Fact-challenged conservative columnist (make that the fact-challenged conservative columnist) Mark Steyn has been accused of plagiarism or something like it for a takedown he wrote of Dan Brown’s “The Da Vinci Code.”
The case against Steyn is made by Language Log‘s Mark Liberman, who says the style and content were lifted from two posts about Brown’s crimes against the English language that had been written by his co-blogger, Geoffrey Pullum, in 2004 and 2005. Liberman offers links and analysis — everything you need to come to your own conclusion.
A lot of it has to do with Pullum’s — and Steyn’s — bemusement at Brown’s leaving out the “the” in describing what people do, as in, “Physicist Leonardo Vetra smelled burning flesh, and he knew it was his own.” This construction is so common in journalism that it may not be immediately recognizable as wrong (or at least weird), but, in fact, the sentence ought to be preceded with a “the.”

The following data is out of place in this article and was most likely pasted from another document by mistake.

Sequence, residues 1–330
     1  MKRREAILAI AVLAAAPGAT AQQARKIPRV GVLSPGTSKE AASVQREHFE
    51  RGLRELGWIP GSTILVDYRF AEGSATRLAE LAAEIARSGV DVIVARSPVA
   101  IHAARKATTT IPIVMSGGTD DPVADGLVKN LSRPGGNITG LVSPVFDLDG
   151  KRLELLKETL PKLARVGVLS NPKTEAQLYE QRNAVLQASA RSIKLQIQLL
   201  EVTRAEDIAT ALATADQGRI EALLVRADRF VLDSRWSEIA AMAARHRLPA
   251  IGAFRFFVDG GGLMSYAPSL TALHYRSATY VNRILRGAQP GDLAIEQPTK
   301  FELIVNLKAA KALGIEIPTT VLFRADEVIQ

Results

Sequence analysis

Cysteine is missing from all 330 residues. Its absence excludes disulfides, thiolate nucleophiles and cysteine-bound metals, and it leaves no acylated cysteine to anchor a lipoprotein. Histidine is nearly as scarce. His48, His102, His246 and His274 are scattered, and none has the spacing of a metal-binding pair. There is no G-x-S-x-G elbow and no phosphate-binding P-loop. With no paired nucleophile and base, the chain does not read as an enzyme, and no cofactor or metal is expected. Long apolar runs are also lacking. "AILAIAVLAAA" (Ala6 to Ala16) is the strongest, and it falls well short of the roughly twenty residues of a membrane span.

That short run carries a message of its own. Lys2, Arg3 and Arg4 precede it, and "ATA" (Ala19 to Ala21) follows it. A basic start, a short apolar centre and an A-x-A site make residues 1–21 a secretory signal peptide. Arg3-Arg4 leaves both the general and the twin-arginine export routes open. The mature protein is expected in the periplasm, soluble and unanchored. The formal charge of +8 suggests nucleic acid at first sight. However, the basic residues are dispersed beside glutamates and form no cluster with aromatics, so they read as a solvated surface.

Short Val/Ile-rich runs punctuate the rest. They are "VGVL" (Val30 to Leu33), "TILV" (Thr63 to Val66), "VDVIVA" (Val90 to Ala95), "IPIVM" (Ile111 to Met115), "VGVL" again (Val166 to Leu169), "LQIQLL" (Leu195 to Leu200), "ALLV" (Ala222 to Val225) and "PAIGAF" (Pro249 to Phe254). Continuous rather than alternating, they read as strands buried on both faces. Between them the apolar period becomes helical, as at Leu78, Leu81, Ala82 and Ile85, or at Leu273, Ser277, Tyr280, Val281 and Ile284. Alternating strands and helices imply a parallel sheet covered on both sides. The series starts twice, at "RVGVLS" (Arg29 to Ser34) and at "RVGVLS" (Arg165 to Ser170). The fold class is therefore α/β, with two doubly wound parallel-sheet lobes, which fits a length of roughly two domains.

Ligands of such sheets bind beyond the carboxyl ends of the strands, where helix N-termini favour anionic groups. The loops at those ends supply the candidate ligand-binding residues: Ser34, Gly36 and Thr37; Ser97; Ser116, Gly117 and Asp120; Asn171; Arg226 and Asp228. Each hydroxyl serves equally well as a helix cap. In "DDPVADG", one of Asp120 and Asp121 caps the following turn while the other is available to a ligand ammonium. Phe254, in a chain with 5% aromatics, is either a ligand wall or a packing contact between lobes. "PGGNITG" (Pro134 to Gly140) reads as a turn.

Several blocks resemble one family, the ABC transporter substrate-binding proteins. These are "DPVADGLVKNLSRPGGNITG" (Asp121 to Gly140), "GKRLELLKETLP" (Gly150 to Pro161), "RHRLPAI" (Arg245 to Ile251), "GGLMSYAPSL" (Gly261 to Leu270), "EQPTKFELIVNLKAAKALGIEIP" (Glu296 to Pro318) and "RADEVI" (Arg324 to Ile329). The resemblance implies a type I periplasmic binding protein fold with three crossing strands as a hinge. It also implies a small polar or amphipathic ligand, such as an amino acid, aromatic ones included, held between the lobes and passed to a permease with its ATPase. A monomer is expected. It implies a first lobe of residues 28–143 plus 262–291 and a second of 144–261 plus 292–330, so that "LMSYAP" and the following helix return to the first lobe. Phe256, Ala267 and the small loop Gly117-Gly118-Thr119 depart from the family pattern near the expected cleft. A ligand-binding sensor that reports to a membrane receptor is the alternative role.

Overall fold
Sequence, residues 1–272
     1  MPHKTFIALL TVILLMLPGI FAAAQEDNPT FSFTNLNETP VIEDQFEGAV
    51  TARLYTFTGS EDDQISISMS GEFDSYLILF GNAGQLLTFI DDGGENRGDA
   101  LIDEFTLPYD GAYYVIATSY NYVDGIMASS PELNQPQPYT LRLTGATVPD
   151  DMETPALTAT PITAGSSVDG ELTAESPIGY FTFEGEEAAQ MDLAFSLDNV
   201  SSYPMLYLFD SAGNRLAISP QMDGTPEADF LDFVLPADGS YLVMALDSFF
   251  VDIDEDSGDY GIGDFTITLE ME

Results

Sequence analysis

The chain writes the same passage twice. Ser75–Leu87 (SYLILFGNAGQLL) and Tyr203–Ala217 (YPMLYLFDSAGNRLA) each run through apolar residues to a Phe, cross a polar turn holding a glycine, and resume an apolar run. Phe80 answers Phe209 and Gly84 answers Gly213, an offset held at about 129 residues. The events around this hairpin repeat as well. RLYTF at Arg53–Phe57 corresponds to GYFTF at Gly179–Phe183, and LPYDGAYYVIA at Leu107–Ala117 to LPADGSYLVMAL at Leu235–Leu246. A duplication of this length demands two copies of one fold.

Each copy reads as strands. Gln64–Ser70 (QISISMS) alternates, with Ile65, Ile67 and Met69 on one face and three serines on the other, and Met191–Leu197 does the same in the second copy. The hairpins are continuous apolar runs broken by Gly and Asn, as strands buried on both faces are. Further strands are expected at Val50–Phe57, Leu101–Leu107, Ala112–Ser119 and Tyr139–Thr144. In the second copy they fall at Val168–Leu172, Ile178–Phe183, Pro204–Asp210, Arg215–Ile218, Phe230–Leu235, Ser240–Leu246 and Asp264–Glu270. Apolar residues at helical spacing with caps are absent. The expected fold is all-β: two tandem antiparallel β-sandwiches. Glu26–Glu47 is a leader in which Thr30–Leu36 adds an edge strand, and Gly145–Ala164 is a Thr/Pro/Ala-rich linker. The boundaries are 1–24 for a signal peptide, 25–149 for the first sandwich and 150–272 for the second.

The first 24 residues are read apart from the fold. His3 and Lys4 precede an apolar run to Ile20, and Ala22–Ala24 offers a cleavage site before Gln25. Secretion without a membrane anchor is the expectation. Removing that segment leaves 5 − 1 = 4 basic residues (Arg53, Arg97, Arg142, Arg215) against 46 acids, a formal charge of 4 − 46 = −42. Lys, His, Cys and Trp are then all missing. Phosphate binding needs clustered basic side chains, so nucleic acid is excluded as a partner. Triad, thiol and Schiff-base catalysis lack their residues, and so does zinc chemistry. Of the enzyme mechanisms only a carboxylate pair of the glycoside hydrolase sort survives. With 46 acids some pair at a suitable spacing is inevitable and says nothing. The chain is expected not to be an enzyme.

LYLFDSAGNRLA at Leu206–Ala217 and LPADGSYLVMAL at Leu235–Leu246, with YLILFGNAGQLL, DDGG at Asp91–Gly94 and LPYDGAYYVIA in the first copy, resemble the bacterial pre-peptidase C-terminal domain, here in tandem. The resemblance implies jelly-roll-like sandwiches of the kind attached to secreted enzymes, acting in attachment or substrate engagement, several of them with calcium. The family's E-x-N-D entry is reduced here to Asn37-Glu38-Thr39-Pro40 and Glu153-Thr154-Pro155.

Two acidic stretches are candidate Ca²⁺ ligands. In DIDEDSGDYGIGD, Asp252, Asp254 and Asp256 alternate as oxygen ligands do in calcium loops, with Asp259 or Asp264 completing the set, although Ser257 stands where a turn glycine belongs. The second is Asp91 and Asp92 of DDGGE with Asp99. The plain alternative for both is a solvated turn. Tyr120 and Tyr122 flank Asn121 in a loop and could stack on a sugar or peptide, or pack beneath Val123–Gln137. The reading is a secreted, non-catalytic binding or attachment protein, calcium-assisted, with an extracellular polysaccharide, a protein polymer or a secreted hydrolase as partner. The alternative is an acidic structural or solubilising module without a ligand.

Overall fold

I wish the case against Steyn were clearer. The problem is that Steyn actually cites Pullum even as he apparently rips him off. This isn’t classic plagiarism; rather, it strikes me as inadequate attribution. Steyn’s not-quite-there crediting of Pullum is either clumsy or disingenuous. Take your pick.
Liberman makes some good points about the different shades of plagiarism and its ilk here; he also reports that Steyn’s assistant has threatened him with legal action. Nice! More on those threats here. It seems that Steyn’s claiming he’d never heard of Language Log until he’d been attacked.
File this under: “How Mark Steyn Got Pissed, Got Wild and Got a Lawyer.”